As part of an unprecedented crackdown on pollution from its manufacturing sector, the Chinese government has shut down nearly 40 percent of its manufacturing facilities nationwide, with a heavy impact on the textiles industry.
The pollution reduction program, initiated in 2016, has applied fines and criminal charges, as well as shutdown orders, to more than 80,000 factories across 30 provinces on the Chinese mainland. Entire towns and regions have seen their factories hobbled, as inspectors turn off fuel and electricity supplies during inspections.
Regulators have come down especially hard on printing and dyeing facilities, which intersect with the production of polyester and other fabrics. The textile scouring, bleaching, dyeing and finishing processes use lots of heated water. The government is now requiring that clean, gas-fired boilers be used to heat the water.
As factories have weathered shutdowns, fines, and market reactions to the regulations, the impact on global supply chain has been felt in both near and faraway places. The prices of dyes have surged in the last couple of years, crippling margins in the sector. Shutdowns have caused pain for global distributors, who have failed to receive product on-time, leaving them with low to no inventory weeks and months at a time.
Many supply chains have simply uprooted their manufacturing regimes, taking their textile businesses to other low-cost, less-regulated markets in Asia.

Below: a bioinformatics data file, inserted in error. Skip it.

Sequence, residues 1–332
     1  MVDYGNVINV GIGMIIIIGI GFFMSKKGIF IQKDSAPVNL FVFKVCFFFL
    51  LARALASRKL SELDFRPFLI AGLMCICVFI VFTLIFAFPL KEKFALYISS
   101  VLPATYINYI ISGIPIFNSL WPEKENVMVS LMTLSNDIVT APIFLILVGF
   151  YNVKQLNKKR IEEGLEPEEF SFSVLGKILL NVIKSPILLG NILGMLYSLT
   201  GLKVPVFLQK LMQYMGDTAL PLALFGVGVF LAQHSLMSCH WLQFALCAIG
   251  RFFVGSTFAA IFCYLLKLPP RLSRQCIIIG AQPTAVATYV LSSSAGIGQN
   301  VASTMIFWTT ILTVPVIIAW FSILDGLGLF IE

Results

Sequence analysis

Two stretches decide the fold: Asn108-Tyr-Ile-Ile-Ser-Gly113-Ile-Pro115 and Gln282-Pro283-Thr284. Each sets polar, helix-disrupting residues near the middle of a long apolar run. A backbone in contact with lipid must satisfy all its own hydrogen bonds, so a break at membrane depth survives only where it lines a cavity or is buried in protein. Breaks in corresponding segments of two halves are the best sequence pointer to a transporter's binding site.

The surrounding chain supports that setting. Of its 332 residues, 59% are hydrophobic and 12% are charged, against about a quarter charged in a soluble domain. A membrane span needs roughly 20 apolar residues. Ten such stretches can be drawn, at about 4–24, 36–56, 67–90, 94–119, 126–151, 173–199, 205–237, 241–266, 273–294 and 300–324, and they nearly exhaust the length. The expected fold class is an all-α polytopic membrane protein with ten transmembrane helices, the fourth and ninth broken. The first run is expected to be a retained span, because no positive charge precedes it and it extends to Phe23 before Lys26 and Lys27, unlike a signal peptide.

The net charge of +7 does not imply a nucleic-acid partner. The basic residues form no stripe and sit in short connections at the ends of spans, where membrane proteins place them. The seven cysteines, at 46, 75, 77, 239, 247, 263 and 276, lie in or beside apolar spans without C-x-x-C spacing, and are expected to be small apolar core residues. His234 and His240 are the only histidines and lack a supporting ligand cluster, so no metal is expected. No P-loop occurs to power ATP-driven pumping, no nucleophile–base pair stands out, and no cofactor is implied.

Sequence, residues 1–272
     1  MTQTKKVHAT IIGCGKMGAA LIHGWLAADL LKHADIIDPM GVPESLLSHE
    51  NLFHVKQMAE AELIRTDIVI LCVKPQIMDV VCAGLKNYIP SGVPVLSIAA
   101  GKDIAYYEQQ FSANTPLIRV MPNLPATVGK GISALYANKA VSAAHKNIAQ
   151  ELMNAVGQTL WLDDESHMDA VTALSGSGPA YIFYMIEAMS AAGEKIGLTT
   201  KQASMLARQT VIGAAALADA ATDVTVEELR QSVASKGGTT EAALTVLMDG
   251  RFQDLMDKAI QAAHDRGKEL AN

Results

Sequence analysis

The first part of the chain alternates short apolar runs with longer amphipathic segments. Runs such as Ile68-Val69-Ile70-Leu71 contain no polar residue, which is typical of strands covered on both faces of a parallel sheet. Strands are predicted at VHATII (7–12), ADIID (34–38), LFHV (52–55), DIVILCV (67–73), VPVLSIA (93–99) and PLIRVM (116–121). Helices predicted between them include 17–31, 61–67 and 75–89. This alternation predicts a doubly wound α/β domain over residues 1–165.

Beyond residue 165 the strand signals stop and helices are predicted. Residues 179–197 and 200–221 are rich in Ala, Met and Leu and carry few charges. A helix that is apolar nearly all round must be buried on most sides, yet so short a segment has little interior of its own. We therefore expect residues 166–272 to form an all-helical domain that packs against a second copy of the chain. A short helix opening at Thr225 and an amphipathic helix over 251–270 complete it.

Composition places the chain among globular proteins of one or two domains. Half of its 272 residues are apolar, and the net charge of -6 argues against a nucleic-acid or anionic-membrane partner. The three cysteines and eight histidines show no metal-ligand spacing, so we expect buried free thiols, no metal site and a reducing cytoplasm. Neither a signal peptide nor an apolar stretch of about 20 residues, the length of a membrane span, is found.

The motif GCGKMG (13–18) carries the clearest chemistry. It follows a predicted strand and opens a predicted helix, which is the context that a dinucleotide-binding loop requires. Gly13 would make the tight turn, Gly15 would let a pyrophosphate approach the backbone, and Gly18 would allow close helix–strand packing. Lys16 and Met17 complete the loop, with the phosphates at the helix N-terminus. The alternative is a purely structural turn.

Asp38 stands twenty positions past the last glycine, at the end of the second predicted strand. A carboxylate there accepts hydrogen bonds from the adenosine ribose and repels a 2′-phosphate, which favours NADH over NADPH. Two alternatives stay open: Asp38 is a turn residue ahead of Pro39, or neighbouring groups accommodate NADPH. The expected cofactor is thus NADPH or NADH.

Over the longer term, the environmental rectification program should yield multiple benefits. Factory employees will enjoy cleaner working conditions, leading to better health, less time missed, and greater productivity. Factories will run more efficiently as well, with the necessary environmental retrofits serving as upgrades in outdated facilities. The newly-reoriented facilities, when considered along the entire supply chain, will now adjust for the capacity requirements of user demands, as annual growth in polyester is expected to maintain at near eight percent.
In addition, Chinese polyester may make an even greater comeback in the global markets, especially here in the United States, as retailers who demand certain standards of environmental friendliness from their manufacturers, revisit the Chinese factories that have met regulatory demands for a greener future. Large US retailers like Walmart, Costco, and Target all have environmental goals for their global supply chain, and regulatory compliance will see a vanguard of newly-retrofitted facilities competing for market share in textile production.